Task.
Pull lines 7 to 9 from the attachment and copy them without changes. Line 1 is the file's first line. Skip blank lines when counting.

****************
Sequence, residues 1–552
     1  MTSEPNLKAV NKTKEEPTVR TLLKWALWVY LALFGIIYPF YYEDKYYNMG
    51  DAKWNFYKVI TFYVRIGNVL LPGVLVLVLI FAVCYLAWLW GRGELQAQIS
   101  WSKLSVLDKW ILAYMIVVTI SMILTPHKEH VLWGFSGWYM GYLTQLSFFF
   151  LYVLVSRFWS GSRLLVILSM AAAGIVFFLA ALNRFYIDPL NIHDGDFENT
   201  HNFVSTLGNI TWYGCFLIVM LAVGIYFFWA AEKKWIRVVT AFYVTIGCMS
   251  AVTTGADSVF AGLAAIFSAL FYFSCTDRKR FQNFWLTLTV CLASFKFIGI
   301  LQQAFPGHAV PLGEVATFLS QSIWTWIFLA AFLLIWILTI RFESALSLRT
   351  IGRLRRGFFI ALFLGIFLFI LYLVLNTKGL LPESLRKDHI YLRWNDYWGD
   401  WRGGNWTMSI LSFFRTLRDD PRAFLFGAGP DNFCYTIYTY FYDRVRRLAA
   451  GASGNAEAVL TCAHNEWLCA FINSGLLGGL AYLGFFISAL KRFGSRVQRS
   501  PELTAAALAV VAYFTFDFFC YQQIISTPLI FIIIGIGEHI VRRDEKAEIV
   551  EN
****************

   251  AVTTGADSVF AGLAAIFSAL FYFSCTDRKR FQNFWLTLTV CLASFKFIGI
   301  LQQAFPGHAV PLGEVATFLS QSIWTWIFLA AFLLIWILTI RFESALSLRT
   351  IGRLRRGFFI ALFLGIFLFI LYLVLNTKGL LPESLRKDHI YLRWNDYWGD